For your consideration, I can offer a very fine and rare early Noiseless Portable Typewriter. This machine has a three bank keyboard with double shift keys; one for capital letters, and the other for Figures. Both shift keys also have a lock key. There is also a margin release key and a back space key. Everything works as intended and is original (other then the rubber grommets which have been replaced. The space bar folds up for so the machine fits in its case, see picture #08. The machine here offered is slightly different then the later machines; it does not have a paper support braket (there are also no holes to attach one, hence it is not missing!). The sides of the carriage are nickel plated on later machines.
This machine, considering its age, is in remarkable fine condition. There is no oxidation. Nickel plated parts are still shiny. The four rubber feet have been replaced with new ones machined according to measurements of the old feet (rubber cooled with liquid nitrogen so it could be machined on a lathe) see picture #27. No effort was spared to keep everything original. The same goes for the four rubber grommets inside the lid of the case to keep the machine in place, see picture #29.
All the decals are perfect and original. That goes for the paint too (very tiny spots have been touched-up which is not noticeable. The dried out inking ribbon has not been replaced as the ink, over long time, is a source for oxidation. If the buyer intends to use this machine to type, it will be easy to replace the ribbon (I can give the potential buyer contact information where to get a fresh ribbon.)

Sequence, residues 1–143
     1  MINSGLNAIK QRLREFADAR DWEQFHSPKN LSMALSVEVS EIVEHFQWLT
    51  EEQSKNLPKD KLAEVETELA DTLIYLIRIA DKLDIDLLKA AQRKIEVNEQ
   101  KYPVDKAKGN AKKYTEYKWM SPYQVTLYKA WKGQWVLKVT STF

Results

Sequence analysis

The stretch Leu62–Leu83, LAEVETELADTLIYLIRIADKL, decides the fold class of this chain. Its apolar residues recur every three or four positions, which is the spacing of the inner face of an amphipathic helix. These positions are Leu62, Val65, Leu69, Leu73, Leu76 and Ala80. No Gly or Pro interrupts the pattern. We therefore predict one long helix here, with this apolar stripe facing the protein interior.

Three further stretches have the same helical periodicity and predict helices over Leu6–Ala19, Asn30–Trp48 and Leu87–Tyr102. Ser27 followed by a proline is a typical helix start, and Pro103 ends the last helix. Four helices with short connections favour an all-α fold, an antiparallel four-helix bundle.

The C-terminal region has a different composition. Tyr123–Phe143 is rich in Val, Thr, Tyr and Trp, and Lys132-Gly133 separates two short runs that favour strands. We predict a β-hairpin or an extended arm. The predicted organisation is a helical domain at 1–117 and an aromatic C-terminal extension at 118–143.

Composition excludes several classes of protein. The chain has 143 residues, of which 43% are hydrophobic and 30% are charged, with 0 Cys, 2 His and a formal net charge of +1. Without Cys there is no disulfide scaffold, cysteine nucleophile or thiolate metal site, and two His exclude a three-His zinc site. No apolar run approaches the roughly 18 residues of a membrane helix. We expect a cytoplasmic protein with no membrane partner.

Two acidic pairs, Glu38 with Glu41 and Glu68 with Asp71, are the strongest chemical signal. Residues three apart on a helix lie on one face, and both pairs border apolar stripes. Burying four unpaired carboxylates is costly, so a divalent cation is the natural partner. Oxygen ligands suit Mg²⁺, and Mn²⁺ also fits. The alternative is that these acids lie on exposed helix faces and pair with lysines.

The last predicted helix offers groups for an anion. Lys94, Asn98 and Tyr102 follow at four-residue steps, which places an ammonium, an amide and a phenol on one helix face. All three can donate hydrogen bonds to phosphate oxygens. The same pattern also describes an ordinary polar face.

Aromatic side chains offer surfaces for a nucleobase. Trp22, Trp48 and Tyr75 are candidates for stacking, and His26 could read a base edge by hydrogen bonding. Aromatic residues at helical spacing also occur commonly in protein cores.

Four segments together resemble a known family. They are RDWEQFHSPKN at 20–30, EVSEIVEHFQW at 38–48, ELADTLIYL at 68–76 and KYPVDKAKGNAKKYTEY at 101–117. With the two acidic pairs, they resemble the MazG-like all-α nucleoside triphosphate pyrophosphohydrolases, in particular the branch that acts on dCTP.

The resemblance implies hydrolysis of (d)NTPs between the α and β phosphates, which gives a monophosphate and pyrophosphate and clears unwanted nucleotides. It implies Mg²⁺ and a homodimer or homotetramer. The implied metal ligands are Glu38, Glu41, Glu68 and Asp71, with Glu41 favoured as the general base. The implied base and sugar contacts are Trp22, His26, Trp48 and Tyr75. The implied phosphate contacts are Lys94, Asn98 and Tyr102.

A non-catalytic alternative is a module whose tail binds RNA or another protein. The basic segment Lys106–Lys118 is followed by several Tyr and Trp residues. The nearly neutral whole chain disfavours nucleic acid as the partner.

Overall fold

If you are familiar with the Wellington and Franklin typewriters, they have something in common with this Gem, they are all inventions of Wellington Parker Kidder of Jamaica Plain, Massachusetts. Kidder was issued patent #630'060 on August 1, 1899 for his noiseless typewriter with the title "TYPE WRITING MACHINE." The reduction in noise and an the even imprint on the paper this machine acchieves, was accomplished by the "pressure print theory." This technique also alleviated the need for a rubber roller as the types would only leave imprints on the paper with the same pressure, regardless of how hard the typist would press the keys! Hence, an aluminum cylinder was adequate to serve as a roller as the types never even touch the roller hard. The paper is all that is needed between the typew and the roller. The machine was refined over the next 21 years (1899-1921) and the following US patents were also issued; 981'657, 1'013'084, 1'046'205, 1'046'229, 1'049'767, and 1'049'768.
Noiseless Portables were only manufactured in small numbers. In the first year of production 200 machines were manufactured, including the machine offered here, which has the serial number 160, see picture #23. The serial number 160 is the second lowest serial-number known, there is also a machine known with the serial number 92, see site.xavier.edu.. The Noiseless Portable was sold for $65.00 in 1921. According to the website typewriterdatabase.com, a total of 6'500 machines were manufactured before the company was sold to Remigton in 1924..
Inventory Number 01002;